In 2014 and the coming years, automakers will deliver concept and production EVs with large batteries that have capacities of approximately 40 kilowatt hours (kWh), which equates to at least a 150-mile range. Lithium-ion battery prices are decreasing as a result of the price war between LG Chem, the battery supplier to the Chevrolet Volt; and Panasonic, the battery supplier for Tesla’s Model S. Because of this, carmakers can afford to put larger batteries into their vehicles and reduce range anxiety. “Less than $250 per kWh for a lithium-ion battery is the generally accepted price level for these batteries to become mass market in automotive—a price we will get closer to this year,” Scott said. “The addition of Samsung SDI—the battery supplier to the BMW i3 and Fiat 500e, and potentially the new battery supplier for the Tesla Model S and X—will also help drive battery prices down.”
Suppliers and original equipment manufacturers (OEM) are expected to demonstrate more energy-and fuel-saving technologies this year. Ford has presented its C-MAX Solar Energi Concept, which uses a solar panel on the roof of the car. With the help of a solar concentrator, enough energy can be drawn from the sun in a day to equal a four-hour battery charge equal to 8 kWh. Bosch has developed a new start/stop system that shuts off the engine when the car is coasting, delivering fuel savings of up to 10 percent. Technologies like this could bring internal combustion engine (ICE) vehicles closer to the energy-saving benefits of hybrid electric vehicles.
Public charging-station operators and owners will continue to struggle to make a profit on electric vehicle charging in 2014. Although electric vehicle production is slowly increasing and is closer to reaching the expectations of five years ago, there aren’t enough grid-dependent vehicles on the road yet to generate large revenues from public charging. Other forms of revenue generation will need to be implemented this year by operators and owners, such as advertisements on charging stations using integrated liquid-crystal display screens.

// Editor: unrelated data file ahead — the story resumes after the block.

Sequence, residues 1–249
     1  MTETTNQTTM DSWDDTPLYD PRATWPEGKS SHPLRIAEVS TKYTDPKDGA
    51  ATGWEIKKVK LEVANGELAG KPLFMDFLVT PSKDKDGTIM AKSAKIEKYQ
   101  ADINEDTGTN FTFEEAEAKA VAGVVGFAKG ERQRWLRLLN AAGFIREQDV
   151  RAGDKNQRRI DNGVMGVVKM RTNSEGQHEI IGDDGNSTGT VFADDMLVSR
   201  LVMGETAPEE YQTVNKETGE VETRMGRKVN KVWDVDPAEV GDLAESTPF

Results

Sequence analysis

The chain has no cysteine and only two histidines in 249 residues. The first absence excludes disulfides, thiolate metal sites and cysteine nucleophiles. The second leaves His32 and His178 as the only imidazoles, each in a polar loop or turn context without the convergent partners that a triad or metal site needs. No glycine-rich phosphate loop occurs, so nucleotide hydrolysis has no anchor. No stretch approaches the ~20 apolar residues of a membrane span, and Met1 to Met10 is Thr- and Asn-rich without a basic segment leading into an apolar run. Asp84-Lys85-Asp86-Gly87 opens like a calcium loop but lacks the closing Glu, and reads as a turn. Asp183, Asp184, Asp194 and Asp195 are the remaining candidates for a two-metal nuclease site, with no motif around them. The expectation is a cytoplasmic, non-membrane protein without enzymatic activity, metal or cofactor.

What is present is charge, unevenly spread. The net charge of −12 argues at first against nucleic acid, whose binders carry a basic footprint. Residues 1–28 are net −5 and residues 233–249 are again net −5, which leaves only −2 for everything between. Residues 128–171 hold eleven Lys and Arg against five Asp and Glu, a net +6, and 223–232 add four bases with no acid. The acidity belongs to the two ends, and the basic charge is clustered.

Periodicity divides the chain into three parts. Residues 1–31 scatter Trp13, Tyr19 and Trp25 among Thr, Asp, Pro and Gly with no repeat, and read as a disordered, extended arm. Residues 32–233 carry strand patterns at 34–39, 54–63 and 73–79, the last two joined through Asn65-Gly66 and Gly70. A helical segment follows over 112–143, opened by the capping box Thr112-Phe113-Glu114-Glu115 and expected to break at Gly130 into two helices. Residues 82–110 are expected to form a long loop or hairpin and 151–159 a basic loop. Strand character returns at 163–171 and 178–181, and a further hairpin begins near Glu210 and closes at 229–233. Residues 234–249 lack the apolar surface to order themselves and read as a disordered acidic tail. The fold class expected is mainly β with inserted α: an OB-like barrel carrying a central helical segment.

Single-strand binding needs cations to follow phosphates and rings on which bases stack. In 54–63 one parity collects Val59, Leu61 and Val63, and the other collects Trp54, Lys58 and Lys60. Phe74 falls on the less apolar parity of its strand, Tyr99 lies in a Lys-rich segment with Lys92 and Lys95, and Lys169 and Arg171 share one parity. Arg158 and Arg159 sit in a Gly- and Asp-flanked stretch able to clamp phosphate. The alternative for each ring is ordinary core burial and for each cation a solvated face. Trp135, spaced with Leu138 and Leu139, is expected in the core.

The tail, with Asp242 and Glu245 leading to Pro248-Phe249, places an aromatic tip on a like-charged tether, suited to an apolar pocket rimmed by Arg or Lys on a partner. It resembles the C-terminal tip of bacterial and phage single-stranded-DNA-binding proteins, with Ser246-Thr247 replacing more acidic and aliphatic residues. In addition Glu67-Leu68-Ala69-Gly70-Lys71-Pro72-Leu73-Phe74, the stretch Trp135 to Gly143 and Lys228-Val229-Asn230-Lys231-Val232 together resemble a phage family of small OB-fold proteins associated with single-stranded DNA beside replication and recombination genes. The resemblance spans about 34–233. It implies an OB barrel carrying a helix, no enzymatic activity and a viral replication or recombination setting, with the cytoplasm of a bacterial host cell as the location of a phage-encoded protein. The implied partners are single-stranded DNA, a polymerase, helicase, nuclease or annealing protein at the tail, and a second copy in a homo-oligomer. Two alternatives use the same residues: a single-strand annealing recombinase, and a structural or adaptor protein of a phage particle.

This year will be important for new energy vehicles (NEVs)—i.e., EVs, PHEVs and fuel cell cars—in China with deployment of these vehicles driven by government policy. In Beijing, for example, the city aims to limit new-vehicle sales to curb pollution while simultaneously increasing deployment of NEVs. The city plans to deploy a total of 170,000 NEVs from 2014 and 2017, with 20,000 NEVs introduced in 2014.
The price of EVs is expected to decrease in 2014, as more OEMs enter the market place. Although Nissan recently announced a slight price increase on the 2014 Leaf from last year, there is a decrease of about $6,000 between the 2012 and 2014 models. The price of the 2014 Chevrolet Volt also experienced a similar price drop, and other vehicle models will likely follow the trend. Price is the main reason why uptake of these vehicles hasn’t been as high as expected, so incentives are critical if countries are serious about the adoption of such vehicles. In 2014 it may be possible that we see EV legislation or incentives in new regions. “Legislation and incentives are proven to make a significant difference to EV consumer interest as was seen in the Netherlands at the end of 2013, when a tax incentive ended. In this country, more Mitsubishi Outlander PHEVs sold in December 2013 than the combined U.S. sales of the Chevrolet Volt and Nissan Leaf in the same month,” Scott remarked.
IHS (NYSE: IHS) is the leading source of information, insight and analytics in critical areas that shape today's business landscape. Businesses and governments in more than 165 countries around the globe rely on the comprehensive content, expert independent analysis and flexible delivery methods of IHS to make high-impact decisions and develop strategies with speed and confidence. IHS has been in business since 1959 and became a publicly traded company on the New York Stock Exchange in 2005. Headquartered in Englewood, Colorado, USA, IHS is committed to sustainable, profitable growth and employs approximately 8,000 people in 31 countries around the world.